The city became the centre of a new Italian territorial entity, called Governorship of Dalmatia, including the provinces of Zadar, Split and Kotor. In general, this treaty was recognized only by the Axis and was, thus, considered void. For the rest of the world, and, indeed, the local populace, Dalmatia was under Italian occupation.
Under fascist reign the Slavic population was subjected to a policy of forced assimilation. This created immense resentment among the Yugoslav people and the Yugoslav Partisan movement (which was already successfully spreading in the rest of Yugoslavia) particularly took root here. The Italians used concentration camps (among others the Rab and Gonars camps), and to suppress the mounting resistance led by the Partisans adopted tactics of "summary executions, hostage-taking, reprisals, internments and the burning of houses and villages" .
After Mussolini was removed from power, the government of Pietro Badoglio surrendered to the Allies, and on September 8, 1943, the Italian army collapsed and was quickly disarmed. "Il Duce" was rescued, however, and formed the Nazi-puppet Italian Social Republic in the north of the country. The NDH proclaimed the Treaty of Rome to be void and occupied Dalmatia with German support. The Germans entered Zadar first, and on September 10 the German 114th Jäger Division took over. This avoided a temporary liberation by Partisans , as was the case in Split and Šibenik where several Italian fascist government officials were killed by an angry crowd.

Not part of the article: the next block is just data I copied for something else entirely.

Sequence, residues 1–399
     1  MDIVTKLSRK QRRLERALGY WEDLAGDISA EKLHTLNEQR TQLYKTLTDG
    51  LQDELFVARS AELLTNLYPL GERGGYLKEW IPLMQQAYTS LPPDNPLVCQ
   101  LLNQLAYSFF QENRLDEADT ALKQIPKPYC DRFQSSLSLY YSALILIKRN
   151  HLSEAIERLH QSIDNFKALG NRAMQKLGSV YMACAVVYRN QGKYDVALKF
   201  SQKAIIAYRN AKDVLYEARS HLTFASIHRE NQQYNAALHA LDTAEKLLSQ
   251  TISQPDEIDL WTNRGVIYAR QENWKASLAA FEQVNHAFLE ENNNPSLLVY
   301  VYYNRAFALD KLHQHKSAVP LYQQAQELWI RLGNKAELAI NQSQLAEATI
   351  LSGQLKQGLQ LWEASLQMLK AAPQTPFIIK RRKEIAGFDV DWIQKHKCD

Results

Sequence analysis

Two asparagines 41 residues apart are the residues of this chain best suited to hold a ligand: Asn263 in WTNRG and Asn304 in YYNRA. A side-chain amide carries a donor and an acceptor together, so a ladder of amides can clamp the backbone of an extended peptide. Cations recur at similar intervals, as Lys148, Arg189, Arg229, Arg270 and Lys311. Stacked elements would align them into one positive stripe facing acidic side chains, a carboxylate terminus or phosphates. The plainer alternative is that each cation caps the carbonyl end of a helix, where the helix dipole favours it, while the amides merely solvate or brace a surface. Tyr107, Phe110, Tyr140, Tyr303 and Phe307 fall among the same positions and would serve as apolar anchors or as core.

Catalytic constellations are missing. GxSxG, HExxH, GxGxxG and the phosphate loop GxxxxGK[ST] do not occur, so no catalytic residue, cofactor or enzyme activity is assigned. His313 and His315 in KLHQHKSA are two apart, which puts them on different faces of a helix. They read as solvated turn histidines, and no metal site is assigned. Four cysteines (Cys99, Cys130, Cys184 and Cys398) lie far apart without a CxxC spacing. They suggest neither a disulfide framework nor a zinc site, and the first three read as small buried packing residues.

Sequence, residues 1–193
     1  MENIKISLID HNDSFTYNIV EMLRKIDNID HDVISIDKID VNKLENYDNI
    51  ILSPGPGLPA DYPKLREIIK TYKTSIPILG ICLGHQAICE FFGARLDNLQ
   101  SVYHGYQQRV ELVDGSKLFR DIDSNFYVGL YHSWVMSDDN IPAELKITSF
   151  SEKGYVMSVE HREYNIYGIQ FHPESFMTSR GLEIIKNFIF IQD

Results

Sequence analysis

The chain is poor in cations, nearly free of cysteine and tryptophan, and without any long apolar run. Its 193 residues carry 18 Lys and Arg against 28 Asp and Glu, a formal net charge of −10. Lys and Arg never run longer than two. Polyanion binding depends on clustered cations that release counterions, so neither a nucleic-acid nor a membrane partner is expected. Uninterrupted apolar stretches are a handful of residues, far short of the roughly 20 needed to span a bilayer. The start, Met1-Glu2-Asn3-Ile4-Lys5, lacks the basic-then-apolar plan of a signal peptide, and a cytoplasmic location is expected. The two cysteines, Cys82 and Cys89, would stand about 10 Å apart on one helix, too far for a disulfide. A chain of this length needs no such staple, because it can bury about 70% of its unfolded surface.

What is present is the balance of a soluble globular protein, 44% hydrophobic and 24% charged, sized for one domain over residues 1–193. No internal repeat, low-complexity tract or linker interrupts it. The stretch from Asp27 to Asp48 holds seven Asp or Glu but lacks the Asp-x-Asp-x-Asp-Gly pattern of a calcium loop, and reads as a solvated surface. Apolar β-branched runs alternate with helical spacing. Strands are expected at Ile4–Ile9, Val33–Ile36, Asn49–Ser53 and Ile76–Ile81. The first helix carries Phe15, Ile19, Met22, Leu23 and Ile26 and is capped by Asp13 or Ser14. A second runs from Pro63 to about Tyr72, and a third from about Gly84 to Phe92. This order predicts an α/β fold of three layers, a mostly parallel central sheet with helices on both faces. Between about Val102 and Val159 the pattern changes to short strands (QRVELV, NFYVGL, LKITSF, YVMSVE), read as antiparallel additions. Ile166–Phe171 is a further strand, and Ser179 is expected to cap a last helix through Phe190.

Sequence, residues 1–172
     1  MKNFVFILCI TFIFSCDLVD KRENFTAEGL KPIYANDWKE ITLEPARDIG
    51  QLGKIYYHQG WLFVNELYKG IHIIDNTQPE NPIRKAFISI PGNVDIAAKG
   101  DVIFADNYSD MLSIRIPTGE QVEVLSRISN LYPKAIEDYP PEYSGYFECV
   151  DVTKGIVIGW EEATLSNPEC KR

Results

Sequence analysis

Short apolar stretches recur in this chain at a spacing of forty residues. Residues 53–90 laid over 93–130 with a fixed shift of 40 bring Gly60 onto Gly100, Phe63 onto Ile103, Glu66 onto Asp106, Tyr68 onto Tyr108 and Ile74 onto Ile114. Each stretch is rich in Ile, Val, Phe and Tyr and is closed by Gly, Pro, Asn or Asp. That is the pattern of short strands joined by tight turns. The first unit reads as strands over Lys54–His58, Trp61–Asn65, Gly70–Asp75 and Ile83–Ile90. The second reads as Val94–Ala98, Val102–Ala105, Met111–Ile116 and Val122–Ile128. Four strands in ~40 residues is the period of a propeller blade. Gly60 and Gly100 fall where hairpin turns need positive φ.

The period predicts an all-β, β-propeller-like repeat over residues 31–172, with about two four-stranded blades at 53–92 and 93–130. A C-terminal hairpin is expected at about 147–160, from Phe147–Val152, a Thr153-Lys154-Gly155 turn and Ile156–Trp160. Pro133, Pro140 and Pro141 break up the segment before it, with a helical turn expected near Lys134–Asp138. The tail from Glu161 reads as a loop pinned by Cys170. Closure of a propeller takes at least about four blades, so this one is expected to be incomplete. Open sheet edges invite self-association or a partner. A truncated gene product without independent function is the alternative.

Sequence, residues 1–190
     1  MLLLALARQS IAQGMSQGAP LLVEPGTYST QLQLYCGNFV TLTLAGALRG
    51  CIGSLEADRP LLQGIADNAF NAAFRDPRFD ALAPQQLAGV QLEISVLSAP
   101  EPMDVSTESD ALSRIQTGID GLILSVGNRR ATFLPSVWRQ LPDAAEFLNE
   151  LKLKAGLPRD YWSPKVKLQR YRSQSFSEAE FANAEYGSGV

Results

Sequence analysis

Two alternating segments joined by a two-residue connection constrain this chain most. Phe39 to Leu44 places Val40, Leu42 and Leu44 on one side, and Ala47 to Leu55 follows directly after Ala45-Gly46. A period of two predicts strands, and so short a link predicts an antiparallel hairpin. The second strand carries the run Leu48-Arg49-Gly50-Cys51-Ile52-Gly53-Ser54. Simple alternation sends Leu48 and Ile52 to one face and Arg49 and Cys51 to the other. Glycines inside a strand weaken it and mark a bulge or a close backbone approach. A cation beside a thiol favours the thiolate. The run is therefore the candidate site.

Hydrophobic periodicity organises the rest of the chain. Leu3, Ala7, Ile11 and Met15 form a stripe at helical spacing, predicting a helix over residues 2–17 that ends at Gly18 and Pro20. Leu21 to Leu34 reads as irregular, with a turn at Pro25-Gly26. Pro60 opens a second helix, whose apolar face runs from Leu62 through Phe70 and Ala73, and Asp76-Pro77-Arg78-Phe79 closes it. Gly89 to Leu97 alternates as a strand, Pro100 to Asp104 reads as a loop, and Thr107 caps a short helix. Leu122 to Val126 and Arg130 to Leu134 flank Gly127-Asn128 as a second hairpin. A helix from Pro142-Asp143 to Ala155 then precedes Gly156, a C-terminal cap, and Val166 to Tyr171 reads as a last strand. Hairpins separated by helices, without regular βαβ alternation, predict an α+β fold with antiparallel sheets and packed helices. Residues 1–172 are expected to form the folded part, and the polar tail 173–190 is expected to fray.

The city was prevented from joining the NDH on the grounds that Zadar itself was not subject to the conditions of the Treaty of Rome. Despite this, the NDH's leader Ante Pavelić designated Zadar as the capital of the Sidraga-Ravni Kotari County, although its administrator was prevented from entering the city. Zadar remained under the local administration of the Italian Social Republic. Zadar was bombed by the Allies, with serious civilian casualties. Many died in the carpet bombings, and many landmarks and centuries old works of art were destroyed. A significant number of civilians fled the city.
On October 31 1944, the Partisans liberated the city, until then a part of Mussolini's Italian Social Republic. As the city was freed from fascist rule, a number of Italians were killed by vigilante groups of civilians and Partisans. Formally, the city remained under Italian sovereignty until February 10 1947 (Paris Peace Treaties). The city successfully recovered and became once more an important regional city in the newly established Socialist Federal Republic of Yugoslavia.
However, during this period the city lost its status as the capital of the region, with Split overwhelmingly surpassing Zadar in population numbers, which, though increasing throughout the 20th century, boomed in the new, post-WWII, Yugoslavia.
All in all, by the 1990s the city had not only been rebuilt after the Second World War, but had emerged as a modern and completely industrialized regional centre, with as yet unsurpassed tourist numbers, GDP and employment rates, which were, surprisingly, significantly higher than the present day's. After the death of Tito, Yugoslavia rapidly began to destabilize.
In 1990, Serbian separatists from Krajina region of Croatia, just inland from Dalmatia, sealed roads and effectively blocked Dalmatia from the rest of Croatia, expelling non-Serbs from the area and killing a several Croatian policemen which resulted with the Dalmatian anti-Serb riots of May 1991 .